Is foot pain simply “a fact of life” for bartenders and baristas who are on their feet for long shifts? We don’t think so. While 77% of Americans have experienced foot problems at some point, only 20% regularly think about their foot health. Prioritizing something as simple as buying the right shoes or doing a few stretches can go a long way in having pain-free days, no matter your profession.
Are you tired of having throbbing, aching feet after spending a couple hours in high heels? If so, you are not alone. High heel pain is one of the most common issues NYC podiatrists treat. After working with many women who complained of foot pain from uncomfortable shoes, dancer and certified Pilates instructor Ilaria Cavagna devised a new workout for stretching and strengthening overtaxed feet.
Patients often wonder, “Why do my feet hurt after a long walk?” The most common reason for aching feet is simply inflammation and swelling from blood being forced down into your feet to compensate for the increased pounding. To reduce inflammation that results from walking, you should wear shock-absorbing footwear like hiking boots or athletic trainers, stretch before walking, and bring along a bottle of water to stay hydrated.
If you don’t walk on a regular basis and you try to take a five-mile hike, you will likely suffer foot pain later that day. If your feet still hurt in the morning, it’s definitely a sign you’ve pushed yourself too hard all at once. The good news is, the more you train, the better you should feel.
You should notice improvement from propping your feet up on a few pillows above the heart level, icing your soles, taking over-the-counter anti-inflammatory medication, or soaking your feet in Epsom salt. Foot pain that persists for more than a couple of days could be a sign of a more serious condition that requires treatment from a NYC podiatrist.
Foot pain seems like “a curse of middle age” that simply comes along with the territory. However, researchers from the University of Adelaide recently highlighted how lifestyle and the activities we choose contribute to the development of specific foot problems. What does YOUR lifestyle say about your future mobility? And, more importantly, what can you do to prevent foot pain in the future? Experts at The Center for Podiatric Care and Sports Medicine in NYC weigh in on the latest information…
Looking for a plantar fasciitis treatment that’s on the cutting edge of science? Wonder how professional athletes rebound from chronic pain and get back into the game so fast? AmnioFix®by MiMedx is a NYC sports medicine doctor’s “secret weapon.” We offer this revolutionary product to patients at our White Plains and Manhattan offices, particularly those who are experiencing slow healing of the plantar fascia tissue.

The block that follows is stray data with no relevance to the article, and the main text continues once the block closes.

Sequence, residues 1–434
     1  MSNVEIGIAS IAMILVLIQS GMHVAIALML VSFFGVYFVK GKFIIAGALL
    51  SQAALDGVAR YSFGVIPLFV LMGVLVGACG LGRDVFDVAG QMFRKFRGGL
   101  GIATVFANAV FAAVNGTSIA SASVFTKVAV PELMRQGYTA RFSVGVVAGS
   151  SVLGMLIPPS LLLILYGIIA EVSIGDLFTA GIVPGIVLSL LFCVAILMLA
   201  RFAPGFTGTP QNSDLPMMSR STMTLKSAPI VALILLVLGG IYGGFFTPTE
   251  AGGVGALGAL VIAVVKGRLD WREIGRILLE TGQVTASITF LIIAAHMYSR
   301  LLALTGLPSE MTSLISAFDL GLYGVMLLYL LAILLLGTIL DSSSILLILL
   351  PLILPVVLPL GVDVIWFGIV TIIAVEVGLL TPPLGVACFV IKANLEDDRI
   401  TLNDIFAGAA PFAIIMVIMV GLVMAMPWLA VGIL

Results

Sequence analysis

Sports are a leading cause of injury among high school students, but did you know sports trauma is a leading cause of addiction among student athletes? WKRN News, based out of Tennessee, reports that kids who play sports have a higher than average chance of being prescribed hydrocodone, oxycodone and other potentially addictive opioid drugs following an injury. Long term usage of these potent drugs can result in physical dependence that can be challenging to overcome.
The 18-to-25 demographic is also impacted by another opioid: heroin. Many users report that they transitioned from prescription painkillers to heroin after their physicians cut off access to prescribed medications. This age demographic accounts for one of the fastest-growing population segments seeking help at addiction treatment facilities. Many of these patients were once athletes, according to Dean Porterfield, Director of Adolescent and Young Men’s Services.
This frightening reality has many concerned parents seeking sports medicine clinics that offer alternatives to prescription painkillers to lower a teen athlete’s risk of addiction. The Center For Podiatric Care & Sports Medicine, with offices in Manhattan and White Plains, offers a number of innovative therapies to address foot and ankle injuries without the usage of opioid drugs.